A modern legend is back at the 114-year-old Kabukiza this summer in the diminutive form of Hideki Noda, one of the titans of Japanese contemporary theater.
And, just as he did two years ago when he so memorably debuted there with his first kabuki staging, “Togitatsu no Utare (Togitatsu’s Revenge),” the 48-year-old director brought his radical approach to this most traditional venue — not least by ending the show with curtain calls.
These were, once again, greeted with standing ovations. And because this is a Noda project, many of those applauding wildly were younger theatergoers, unfamiliar with kabuki but cheering alongside veteran kabuki fans (who were no less enthused at seeing such a different approach to their treasured art form).
This time, Noda is staging “Nezumi Kozo (Mouse Thief),” his newly penned reworking of an Edo Period play, “Nezumi Komon Harugi no Hinagata,” which was based — with Robin Hood-like embellishments — on the life of a burglar called Jirokichi. This rascal managed to rob around 100 well-guarded daimyo residences before, at age 37, being caught and executed. Jirokichi’s daring struck a chord with the Edo masses, who soon had themselves believing that he had a heart of gold and had distributed his ill-gotten gains to the needy.
The then popular kabuki scriptwriter Kawatake Mokuami (1816-93) noticed the dramatic potential of this tale, and was quick to ride its popularity by writing “Nezumi Komon Harugi no Hinagata.”
At the Kabukiza, the play opens with a scene taken directly from Kawatake’s drama in which the thief-hero, Nezumi Kozo (Nakamura Kankuro), is throwing koban (gold and silver coins) to the public from the rooftop of a daimyo’s house. We then segue into Noda’s all-new creation, as we are introduced to a miserly, petit-bourgeois coffin-maker named Santa (also played by Kankuro), who is on the lookout for business — in other words, he’s looking forward to someone dying. Just then, his sister-in-law brings news of the death of his brother, Sezaemon. To his horror, however, Santa learns that Sezaemon has left all his money to a rogue named Kokichi (Nakamura Hashinosuke) who, despite being well-liked, has in fact landed the inheritance by deception.
Incensed and desperate, Santa sets out to steal his late brother’s treasure chest from his house, but — in a whirl of confusion — steals a daimyo’s riches instead. Then, as he’s making his escape, he slips on the daimyo’s rooftop, drops the chest and stands aghast as money rains down into the eager hands of the populace just as if he were the hero Nezumi Kozo himself.
Inspired by this misadventure, Santa then embarks on a burglary spree, stealing money from many other daimyo families. But in the course of his midnight ramblings through upper-class houses, he also overhears his victims’ conversations, and so comes to know about their private lives and secret loves.
Finally, when Santa is caught and brought to trial, his testimony causes a sensation — he exposes details of a political plot being hatched between no less than Kokichi, his lover Otaka (Nakamura Fukusuke) and another of her patrons, a popular bureaucrat named Ta- dasuke Ohoka (Bando Mitsugoro).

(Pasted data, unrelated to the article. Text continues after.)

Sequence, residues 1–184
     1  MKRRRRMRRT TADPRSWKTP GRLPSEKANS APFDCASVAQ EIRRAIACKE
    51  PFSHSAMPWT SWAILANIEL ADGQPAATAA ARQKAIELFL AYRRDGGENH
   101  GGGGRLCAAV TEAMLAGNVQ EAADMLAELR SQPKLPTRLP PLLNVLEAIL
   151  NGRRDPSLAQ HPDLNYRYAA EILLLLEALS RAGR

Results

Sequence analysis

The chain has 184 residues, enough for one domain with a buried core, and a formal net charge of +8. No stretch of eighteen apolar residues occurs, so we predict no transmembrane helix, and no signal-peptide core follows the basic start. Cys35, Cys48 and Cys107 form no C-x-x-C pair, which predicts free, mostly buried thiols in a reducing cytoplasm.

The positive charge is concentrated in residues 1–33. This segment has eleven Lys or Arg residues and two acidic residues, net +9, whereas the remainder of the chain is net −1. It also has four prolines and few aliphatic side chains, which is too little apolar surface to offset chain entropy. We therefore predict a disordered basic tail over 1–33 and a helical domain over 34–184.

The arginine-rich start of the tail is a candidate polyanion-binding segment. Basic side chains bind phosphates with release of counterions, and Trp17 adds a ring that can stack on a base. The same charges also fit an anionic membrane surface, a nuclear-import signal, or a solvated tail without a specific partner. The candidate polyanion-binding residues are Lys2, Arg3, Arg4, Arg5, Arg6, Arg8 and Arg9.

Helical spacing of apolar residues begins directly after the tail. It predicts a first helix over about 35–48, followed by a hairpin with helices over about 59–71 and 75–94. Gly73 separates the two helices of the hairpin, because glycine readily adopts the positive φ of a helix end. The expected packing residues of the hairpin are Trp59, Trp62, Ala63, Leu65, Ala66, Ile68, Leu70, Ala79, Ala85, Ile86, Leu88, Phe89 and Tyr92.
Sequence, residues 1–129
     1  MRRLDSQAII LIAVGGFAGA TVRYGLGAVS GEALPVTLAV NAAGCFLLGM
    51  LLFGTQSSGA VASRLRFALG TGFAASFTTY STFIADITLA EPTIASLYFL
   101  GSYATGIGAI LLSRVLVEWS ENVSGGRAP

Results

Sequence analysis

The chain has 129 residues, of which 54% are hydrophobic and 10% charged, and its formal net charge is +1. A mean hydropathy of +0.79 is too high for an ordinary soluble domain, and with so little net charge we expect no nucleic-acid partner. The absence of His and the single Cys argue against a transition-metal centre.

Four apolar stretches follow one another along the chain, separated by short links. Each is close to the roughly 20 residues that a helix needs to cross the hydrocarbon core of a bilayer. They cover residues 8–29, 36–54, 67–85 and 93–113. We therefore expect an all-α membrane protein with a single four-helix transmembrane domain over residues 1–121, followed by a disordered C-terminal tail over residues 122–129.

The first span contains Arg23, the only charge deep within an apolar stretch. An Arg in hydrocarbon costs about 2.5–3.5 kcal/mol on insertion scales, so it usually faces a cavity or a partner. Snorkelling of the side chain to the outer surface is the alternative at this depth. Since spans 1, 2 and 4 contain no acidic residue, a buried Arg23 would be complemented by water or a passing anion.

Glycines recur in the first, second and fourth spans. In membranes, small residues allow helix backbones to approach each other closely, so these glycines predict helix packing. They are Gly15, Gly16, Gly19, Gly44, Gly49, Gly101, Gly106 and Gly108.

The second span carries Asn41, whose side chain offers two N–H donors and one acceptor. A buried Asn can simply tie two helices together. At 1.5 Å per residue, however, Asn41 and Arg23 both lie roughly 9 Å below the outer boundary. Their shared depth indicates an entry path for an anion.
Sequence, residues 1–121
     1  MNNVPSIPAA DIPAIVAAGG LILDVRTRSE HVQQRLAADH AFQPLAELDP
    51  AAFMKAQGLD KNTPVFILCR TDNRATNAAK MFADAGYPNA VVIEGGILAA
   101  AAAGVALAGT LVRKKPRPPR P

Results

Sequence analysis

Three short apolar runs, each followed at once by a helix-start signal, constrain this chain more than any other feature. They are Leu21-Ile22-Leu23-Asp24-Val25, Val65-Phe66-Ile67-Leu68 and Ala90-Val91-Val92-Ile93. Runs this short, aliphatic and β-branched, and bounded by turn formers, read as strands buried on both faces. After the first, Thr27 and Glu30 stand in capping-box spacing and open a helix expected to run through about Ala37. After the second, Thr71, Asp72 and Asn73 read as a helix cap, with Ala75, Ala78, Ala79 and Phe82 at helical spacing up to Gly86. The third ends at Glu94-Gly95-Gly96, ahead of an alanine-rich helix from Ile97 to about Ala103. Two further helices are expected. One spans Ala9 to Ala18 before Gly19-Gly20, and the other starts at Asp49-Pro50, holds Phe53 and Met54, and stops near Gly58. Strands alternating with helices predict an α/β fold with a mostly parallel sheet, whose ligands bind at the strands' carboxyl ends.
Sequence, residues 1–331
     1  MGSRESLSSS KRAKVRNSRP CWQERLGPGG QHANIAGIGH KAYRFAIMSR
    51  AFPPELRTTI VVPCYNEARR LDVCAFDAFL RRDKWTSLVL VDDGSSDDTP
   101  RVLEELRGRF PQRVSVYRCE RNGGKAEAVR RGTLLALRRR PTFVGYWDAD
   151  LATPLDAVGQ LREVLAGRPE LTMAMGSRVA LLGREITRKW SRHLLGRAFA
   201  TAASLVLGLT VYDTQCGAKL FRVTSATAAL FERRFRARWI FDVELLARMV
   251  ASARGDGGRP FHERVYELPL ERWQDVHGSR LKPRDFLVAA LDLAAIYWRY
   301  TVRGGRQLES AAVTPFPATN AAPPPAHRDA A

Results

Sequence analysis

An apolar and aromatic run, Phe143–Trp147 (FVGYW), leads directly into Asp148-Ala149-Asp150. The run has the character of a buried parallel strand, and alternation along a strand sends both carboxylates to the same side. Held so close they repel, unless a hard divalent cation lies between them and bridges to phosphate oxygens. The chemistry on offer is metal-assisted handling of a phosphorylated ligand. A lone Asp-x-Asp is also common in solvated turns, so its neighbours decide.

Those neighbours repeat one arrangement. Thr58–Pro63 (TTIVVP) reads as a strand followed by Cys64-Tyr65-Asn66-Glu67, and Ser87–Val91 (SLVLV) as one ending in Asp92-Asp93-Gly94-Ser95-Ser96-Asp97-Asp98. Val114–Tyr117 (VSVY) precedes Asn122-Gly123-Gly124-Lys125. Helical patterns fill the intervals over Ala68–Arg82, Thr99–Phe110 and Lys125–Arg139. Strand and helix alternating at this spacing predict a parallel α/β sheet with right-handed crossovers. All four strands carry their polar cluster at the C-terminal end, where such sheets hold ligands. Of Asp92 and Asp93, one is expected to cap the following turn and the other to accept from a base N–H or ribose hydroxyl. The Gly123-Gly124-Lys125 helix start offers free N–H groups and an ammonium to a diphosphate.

Though Santa escapes, his fate is sealed, and his end comes in fine style when, after scattering his own money from a rooftop, he is killed by shogunal police.
Noda directs this two-hour play at full speed, spicing its many plots and sub-plots with his trademark wordplay and a fine satirical dimension in its portrayal of society’s powers-that-be. The result is that, from beginning to end, the pace never slackens — so much so that the kabuki actors don’t even have time to strike their characteristic mie poses. The sets, too, change at lightning speed, thanks both to Noda’s use of the revolving stage and also to the Kabukiza’s remarkable technology. The scene sometimes suddenly changes from two to three dimensions, as houses we’ve been looking at from the front sink downward to give us a view of their roofs.
Altogether, the effect is reminiscent of Noda’s early works with his Yumeno Yuminsha theater company in the 1980s. Back then, he made a name for himself with his sprint-speed set changes, comic vignettes and rapid-fire wordplay. Now we see this master director bringing such wildcat methods to the mature and traditional world of kabuki.
The result is entertainment of the highest order — thanks to the gusto with which Noda rises to the challenge, and the consummate mastery of the kabuki actors. Besides Kankuro’s charismatic performance, Mitsugoro and the onnagata Fukusuke gave marvelous turns, displaying sophisticated wit and grace.
Commenting on the magical atmosphere of the Kabukiza, when I interviewed him two years ago, Noda said: “It reminded me of the time when I staged ‘Nokemono Kitarite (Descent of the Brutes)’ at the Royal Lyceum Theatre during the Edinburgh Festival in 1987. In the same way I enjoyed the Kabukiza’s space, where it is easy to share the atmosphere with the audience members who, like those in Edinburgh, are really knowledgeable, shout comments and give a feeling of ‘village theater.’ “
This remains an illuminating comparison. The atmosphere of the shogekijo (small-scale theater movement) two decades ago, when Noda took his Yuminsha company on that groundbreaking trip to Edinburgh, was very similar to that at the Kabukiza today. Then as now, many in the Kabukiza audience knew the actors very well, while those (mainly younger) ones who didn’t, came with huge expectations and full of enthusiasm — just like the theater fans from all over the world who gather in Edinburgh every summer. And when a masterly performance coincides with high expectations, the result can be theatrical magic.
So, those lucky enough to be in the audience at the Kabukiza this month have their own important role to play, as well, in creating a little bit of theatrical magic.
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